From enemies to friends? Iran, Saudi Arabia playing nice as nuclear talks falter

Iran reveals five rounds of “positive and progressive” talks with Saudi Arabia in recent weeks, possibly signaling Gulf kingdom’s new approach towards its one-time enemy as nuclear negotiations appear to fail.

By Lauren Marcus, World Israel News

As talks aimed at coaxing Iran back into a nuclear deal appear to be irreconcilably stalled, with Hebrew-language media reporting that the U.S. is set to make a formal announcement ending negotiations in the near future, some of Iran’s regional rivals appear to be gearing up to a different approach to mitigating the Iranian nuclear threat.

The Gulf kingdom of Saudi Arabia, a close ally of the U.S., has engaged in five rounds of “progressive and positive” talks with Iran in recent weeks, an Iranian Foreign Ministry spokesman told media on Monday.

The talks, which reportedly took place in Baghdad, “raised hopes for the two countries to take a step towards the resumption of relations,” the Iranian official said.

“These [nuclear] talks are almost doomed for failure,” said Mohammed Alyahya, a fellow at the Hudson Institute, told CNN.

“At its core, the problem is not one between Iran and Saudi Arabia, it is between Iran and the U.S. Iran attacks the kingdom because it perceives it to be a client state of an American imperial order.”

Saudi Arabia and Iran have had a frosty relationship for years, formally severing diplomatic ties after the execution of a Shi’ite cleric in the Gulf kingdom in 2016. After the execution, Iranian protesters forced their way into the Saudi Arabian embassy in Tehran.

The two regional powers have been engaged in a proxy war in Yemen in recent years, with Shia Houthi rebels in the embattled country’s southern region being materially supported by Iran and launching missiles at Saudi Arabia.

In return, Saudi Arabia has launched a widespread bombing campaign of Houthi sites in Yemen, which some sources say have led to the deaths of approximately 150,000 civilians — including those dying of starvation and illness caused by the destruction of physical infrastructure and agriculture in the country.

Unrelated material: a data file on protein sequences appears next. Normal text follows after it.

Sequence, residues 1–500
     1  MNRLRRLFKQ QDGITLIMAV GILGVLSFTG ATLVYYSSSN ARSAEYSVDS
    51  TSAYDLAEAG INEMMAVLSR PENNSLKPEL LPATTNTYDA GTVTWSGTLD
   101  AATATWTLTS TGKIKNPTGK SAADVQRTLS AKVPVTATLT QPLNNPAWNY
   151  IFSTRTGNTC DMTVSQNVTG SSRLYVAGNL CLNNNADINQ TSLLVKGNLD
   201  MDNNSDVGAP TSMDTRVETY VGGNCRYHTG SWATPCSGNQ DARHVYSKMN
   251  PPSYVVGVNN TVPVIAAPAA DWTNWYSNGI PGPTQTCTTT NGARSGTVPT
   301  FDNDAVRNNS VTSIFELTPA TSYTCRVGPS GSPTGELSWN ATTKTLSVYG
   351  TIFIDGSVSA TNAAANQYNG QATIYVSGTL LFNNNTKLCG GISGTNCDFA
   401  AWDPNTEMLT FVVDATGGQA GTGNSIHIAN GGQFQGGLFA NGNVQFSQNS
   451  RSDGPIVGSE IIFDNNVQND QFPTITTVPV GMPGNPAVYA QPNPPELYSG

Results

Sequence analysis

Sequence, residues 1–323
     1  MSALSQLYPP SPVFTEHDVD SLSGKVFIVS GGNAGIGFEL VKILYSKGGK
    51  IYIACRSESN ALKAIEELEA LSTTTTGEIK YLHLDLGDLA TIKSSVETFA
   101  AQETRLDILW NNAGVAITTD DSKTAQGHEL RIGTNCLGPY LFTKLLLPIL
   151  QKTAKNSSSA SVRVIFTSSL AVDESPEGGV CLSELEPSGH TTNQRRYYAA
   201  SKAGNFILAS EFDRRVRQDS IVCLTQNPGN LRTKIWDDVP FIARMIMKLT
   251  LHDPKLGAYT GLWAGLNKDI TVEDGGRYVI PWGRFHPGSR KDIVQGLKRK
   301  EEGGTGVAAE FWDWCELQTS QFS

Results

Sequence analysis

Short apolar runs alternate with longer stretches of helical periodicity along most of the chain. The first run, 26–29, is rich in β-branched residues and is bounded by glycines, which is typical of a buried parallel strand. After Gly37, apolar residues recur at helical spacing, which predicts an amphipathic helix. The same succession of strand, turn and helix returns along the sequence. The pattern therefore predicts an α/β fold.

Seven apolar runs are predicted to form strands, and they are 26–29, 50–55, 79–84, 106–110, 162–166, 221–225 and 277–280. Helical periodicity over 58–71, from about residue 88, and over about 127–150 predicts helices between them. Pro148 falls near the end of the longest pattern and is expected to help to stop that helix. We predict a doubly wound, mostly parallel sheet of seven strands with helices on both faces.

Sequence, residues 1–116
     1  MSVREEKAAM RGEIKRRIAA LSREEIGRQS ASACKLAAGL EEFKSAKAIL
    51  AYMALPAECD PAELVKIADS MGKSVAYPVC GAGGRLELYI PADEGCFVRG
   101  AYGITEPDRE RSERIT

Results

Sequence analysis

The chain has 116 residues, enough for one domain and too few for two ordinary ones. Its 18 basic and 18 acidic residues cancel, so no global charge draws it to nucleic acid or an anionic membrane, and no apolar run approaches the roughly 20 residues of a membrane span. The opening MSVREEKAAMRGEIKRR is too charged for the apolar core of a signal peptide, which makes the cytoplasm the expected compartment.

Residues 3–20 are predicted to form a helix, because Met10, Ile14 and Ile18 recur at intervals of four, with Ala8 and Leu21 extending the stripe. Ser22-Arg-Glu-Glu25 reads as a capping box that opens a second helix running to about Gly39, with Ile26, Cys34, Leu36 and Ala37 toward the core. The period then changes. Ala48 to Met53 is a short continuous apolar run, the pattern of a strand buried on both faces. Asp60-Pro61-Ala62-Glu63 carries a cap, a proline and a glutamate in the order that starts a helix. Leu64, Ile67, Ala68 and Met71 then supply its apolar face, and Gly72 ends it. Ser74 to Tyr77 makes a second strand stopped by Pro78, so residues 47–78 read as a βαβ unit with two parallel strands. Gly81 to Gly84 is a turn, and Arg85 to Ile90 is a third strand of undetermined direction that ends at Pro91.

The reported reconciliation between Iran and Saudi Arabia is occurring as the U.S. appears to be losing much of its sway in the international arena.

In March 2022, the Wall Street Journal reported that the leaders of Saudi Arabia and the United Arab Emirates ignored calls from Biden, apparently due to their frustration over the Iran nuclear deal and a perceived lack of U.S. response to Houthi terrorist attacks originating in southern Yemen.

“There was some expectation of a phone call [between Biden and Saudi crown prince Mohammed bin Salman] but it didn’t happen,” a senior U.S. official told WSJ.

“It was part of turning on the spigot [of Saudi oil]” on the heels of the Russian invasion of Ukraine.

The source added that UAE leader Sheikh Mohammed bin Zayed also ignored a call from Biden.

What about Israel?

The revelation that Saudi Arabia and Iran are strengthening their ties comes on the heels of other Gulf Arab kingdoms, including Bahrain and the UAE, warming up to Israel. Some analysts have attributed the Iranian threat as a factor that encouraged Abraham Accords participants to publicly align themselves with the Jewish State after decades of no diplomatic relations.

In recent years, Hebrew-language media reported that former prime minister Benjamin Netanyahu had secretly met with Saudi officials, including Prince Mohammed bin Salman, to discuss strategies for mitigating the Iranian nuclear threat.

With Iran repeatedly pledging to destroy Israel and framing the “Zionist entity” as its mortal enemy, it’s unclear how a warming relationship with Saudi Arabia will affect other regional powers’ approach towards Israel.